Posted on Friday, July 22nd, 2011 by Devindra Hardawar
For his first trip to Comic-Con, Steven Spielberg showed off some brand new Tintin footage, finally answering some of our lingering questions about the film’s 3D motion-captured aesthetic.
The good news: Tintin looks fantastic. While there are still some signs of the uncanny valley, this is the first motion-captured film I’ve seen that does a realistic job of showing off facial nuances. The film fits perfectly into Herge’s aesthetic for Tintin, while also showcasing the rich environments and action set pieces that we’ve come to love from Spielberg. The footage we saw was based on early renderings from Weta, the finished product will look even better, Spielberg said.
Before we caught a glimpse of the actual Tintin footage, Spielberg also showed off a hilarious screen test featuring Peter Jackson auditioning for the Captain Haddock role while a CG Snowy (Tintin’s trusty dog) pranced around in the background. Spielberg was initially unsure if Tintin could be filmed as live action with a CG Snow, so the footage was made to see how feasible that could be. The CG Snowy looked fine, but I have a sneaking suspicion that Tintin would have ended up looking a lot like Robert Altman’s Popeye had he gone the live-action route. (And yes, I do love Popeye, I just think that would have been a bad choice for Tintin.)
The actual film footage started off with someone being shot down at Tintin’s door (this is a fun family film folks!), and then transitions to a ship where he meets Captain Haddock (Andy Serkis) for the first time. It then went through several action scenes, and also showed us a bit of Daniel Craig as the film’s villain, Red Rackham. The actual plot behind The Secret of the Unicorn centers on Haddock’s family history, which is one reason Spielberg said that he and Peter Jackson chose to feature this Tintin story first.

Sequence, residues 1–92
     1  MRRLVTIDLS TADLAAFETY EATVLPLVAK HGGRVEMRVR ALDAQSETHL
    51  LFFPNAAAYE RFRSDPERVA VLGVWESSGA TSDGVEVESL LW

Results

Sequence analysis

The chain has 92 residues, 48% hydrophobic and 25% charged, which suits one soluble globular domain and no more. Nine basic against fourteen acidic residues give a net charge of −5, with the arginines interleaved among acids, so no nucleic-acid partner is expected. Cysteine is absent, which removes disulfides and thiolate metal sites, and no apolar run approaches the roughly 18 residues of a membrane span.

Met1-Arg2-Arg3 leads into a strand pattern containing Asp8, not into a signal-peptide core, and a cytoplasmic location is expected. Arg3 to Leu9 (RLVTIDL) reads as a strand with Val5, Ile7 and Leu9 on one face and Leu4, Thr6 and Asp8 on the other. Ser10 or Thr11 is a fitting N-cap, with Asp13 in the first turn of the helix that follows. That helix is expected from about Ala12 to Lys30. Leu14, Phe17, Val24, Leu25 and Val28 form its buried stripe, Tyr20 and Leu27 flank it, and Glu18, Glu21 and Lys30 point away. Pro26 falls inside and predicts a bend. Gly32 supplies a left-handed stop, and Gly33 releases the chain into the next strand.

The film’s environments looked incredibly detailed, but the characters were the real stars of the show. You can clearly see the actors’ performances in every character model. When asked how this film differs from Robert Zemeckis’s Beowulf, Spielberg said the motion capturing in Tintin is able to convey more emotion because Weta built up the musculature, nerves and overall anatomy for each character. He also noted that the animators working on Tintin also worked on the animation in Avatar.
Needless to say, I think most people who were ambivalent about Tintin will be excited once they finally see it in action. Tintin hits theaters on December 23.